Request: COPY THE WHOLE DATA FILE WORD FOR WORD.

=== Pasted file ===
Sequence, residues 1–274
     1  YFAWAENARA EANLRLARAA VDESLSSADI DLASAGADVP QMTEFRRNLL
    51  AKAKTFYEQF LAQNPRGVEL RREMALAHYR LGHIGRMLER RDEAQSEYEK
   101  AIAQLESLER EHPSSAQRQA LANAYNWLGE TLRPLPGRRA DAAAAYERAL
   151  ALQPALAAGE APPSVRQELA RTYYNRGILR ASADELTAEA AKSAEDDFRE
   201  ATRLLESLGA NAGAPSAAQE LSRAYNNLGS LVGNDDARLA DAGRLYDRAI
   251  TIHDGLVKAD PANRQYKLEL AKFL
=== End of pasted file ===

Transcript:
Sequence, residues 1–274
     1  YFAWAENARA EANLRLARAA VDESLSSADI DLASAGADVP QMTEFRRNLL
    51  AKAKTFYEQF LAQNPRGVEL RREMALAHYR LGHIGRMLER RDEAQSEYEK
   101  AIAQLESLER EHPSSAQRQA LANAYNWLGE TLRPLPGRRA DAAAAYERAL
   151  ALQPALAAGE APPSVRQELA RTYYNRGILR ASADELTAEA AKSAEDDFRE
   201  ATRLLESLGA NAGAPSAAQE LSRAYNNLGS LVGNDDARLA DAGRLYDRAI
   251  TIHDGLVKAD PANRQYKLEL AKFL